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    There are none.
     
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  8. JonC

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    That is funny (the NOEL part) Laugh

    Do I believe that the Atonement is “limited” in it’s scope. That depends on the context. The reason, brother SG, that we labor and strive in this life is because we have fixed our hope on Christ, who is the Savior of all men, especially of believers.

    So if you are asking me if there is an effect of Christ’s work to all men and all of creation then I answer “yes,” the Atonement is not limited in scope on that ground. If you are asking if such universal effects were unintended “side effects”, then my answer is “no, God does not deal in unintended consequences.”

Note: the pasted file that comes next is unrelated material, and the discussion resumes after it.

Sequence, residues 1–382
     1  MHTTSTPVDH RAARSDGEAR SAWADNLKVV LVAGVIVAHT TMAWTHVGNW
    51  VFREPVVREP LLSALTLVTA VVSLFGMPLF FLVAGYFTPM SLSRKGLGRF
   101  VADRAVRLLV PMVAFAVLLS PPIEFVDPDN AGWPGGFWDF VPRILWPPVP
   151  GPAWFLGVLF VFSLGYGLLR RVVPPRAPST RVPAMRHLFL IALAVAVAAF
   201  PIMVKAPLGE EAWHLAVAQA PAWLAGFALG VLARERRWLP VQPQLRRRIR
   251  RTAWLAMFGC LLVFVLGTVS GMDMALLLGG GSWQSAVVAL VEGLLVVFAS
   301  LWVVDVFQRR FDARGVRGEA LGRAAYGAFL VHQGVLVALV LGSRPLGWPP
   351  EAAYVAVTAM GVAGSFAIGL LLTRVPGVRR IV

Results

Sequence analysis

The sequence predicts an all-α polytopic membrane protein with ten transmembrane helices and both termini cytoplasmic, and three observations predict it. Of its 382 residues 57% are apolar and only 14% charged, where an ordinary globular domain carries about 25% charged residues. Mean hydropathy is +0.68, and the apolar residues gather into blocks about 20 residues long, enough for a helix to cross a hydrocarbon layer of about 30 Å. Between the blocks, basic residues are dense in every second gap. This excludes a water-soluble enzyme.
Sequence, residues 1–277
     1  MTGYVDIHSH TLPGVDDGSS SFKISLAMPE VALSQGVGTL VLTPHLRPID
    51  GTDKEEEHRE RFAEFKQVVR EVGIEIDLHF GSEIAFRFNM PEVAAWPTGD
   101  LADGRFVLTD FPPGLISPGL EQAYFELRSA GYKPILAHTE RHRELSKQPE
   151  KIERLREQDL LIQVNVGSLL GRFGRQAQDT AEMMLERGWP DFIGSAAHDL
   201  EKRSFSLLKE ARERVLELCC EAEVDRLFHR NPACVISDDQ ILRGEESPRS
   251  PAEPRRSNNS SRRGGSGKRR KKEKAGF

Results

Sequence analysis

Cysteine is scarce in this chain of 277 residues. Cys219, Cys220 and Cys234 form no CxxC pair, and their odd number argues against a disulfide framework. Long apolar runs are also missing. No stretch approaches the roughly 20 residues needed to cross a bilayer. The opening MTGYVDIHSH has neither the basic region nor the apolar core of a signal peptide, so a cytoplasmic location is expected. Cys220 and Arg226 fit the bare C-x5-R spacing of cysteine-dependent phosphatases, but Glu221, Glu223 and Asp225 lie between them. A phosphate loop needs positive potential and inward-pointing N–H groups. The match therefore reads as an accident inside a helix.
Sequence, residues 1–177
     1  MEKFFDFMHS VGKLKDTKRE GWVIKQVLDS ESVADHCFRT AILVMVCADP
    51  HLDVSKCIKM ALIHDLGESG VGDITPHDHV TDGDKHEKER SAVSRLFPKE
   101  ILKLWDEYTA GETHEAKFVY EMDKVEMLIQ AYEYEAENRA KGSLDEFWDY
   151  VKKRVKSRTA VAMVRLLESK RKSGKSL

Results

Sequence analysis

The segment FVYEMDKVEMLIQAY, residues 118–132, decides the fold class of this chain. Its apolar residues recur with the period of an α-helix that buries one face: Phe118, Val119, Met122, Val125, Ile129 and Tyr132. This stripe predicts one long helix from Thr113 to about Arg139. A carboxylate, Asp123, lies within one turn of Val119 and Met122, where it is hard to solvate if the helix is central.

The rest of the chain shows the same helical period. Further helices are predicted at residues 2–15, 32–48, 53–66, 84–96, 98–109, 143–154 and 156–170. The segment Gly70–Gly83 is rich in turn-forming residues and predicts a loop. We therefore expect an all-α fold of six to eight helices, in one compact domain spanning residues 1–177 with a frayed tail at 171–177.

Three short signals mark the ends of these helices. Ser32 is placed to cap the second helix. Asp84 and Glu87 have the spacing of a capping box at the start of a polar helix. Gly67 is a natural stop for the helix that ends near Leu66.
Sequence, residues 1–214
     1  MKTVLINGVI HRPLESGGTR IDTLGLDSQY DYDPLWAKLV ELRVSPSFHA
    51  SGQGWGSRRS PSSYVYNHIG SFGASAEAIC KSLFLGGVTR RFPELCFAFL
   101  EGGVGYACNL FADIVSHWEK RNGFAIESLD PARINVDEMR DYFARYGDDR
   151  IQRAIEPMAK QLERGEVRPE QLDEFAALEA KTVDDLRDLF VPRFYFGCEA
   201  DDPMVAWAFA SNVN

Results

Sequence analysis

But if you mean by “unlimited Atonement” that Christ’s death was intended to only save the elect, then certainly. I think that the point of Christ laying down His life for His sheep bares that out. Not only that, but those who are “conformed to the image of Christ” are the elect, not those who will not be saved. That is why my preference of term is “particular redemption” (it is more specific and allows conversation towards universal elements of Christ's work). Christ’s death was indeed universal in scope (it had universal intended consequences), but His death was in particular to redeem the Church.

    That said, I think that the more important focus on the Atonement is in the centrality of Christ to the Church and the redemption of those who are saved.
     
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  9. JonC